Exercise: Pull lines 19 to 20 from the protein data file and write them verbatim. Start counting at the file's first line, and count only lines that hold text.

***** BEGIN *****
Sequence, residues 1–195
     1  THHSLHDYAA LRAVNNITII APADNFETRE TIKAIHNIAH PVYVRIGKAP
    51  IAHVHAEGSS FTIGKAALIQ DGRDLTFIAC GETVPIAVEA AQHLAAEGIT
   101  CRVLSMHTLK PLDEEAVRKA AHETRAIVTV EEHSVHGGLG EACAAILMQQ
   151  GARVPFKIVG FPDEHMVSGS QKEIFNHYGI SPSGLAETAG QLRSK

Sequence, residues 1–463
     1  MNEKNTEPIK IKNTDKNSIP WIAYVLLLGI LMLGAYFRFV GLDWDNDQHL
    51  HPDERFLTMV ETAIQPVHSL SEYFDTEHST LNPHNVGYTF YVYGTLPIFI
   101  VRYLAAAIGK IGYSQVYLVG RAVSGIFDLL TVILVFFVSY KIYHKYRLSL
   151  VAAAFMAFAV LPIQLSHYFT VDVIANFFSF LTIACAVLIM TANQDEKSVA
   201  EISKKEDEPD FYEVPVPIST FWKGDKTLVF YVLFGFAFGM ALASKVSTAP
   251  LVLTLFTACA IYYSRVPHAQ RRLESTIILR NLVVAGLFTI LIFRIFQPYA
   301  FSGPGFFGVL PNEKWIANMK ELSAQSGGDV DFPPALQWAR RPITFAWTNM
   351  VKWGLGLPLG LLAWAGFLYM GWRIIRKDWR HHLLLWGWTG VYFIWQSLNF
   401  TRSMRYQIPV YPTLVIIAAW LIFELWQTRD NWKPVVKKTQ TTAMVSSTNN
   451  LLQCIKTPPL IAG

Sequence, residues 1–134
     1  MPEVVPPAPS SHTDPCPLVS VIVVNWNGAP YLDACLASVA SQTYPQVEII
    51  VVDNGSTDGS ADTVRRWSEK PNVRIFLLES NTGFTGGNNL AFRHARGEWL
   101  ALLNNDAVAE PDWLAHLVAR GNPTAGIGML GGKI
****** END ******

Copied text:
    51  VVDNGSTDGS ADTVRRWSEK PNVRIFLLES NTGFTGGNNL AFRHARGEWL
   101  ALLNNDAVAE PDWLAHLVAR GNPTAGIGML GGKI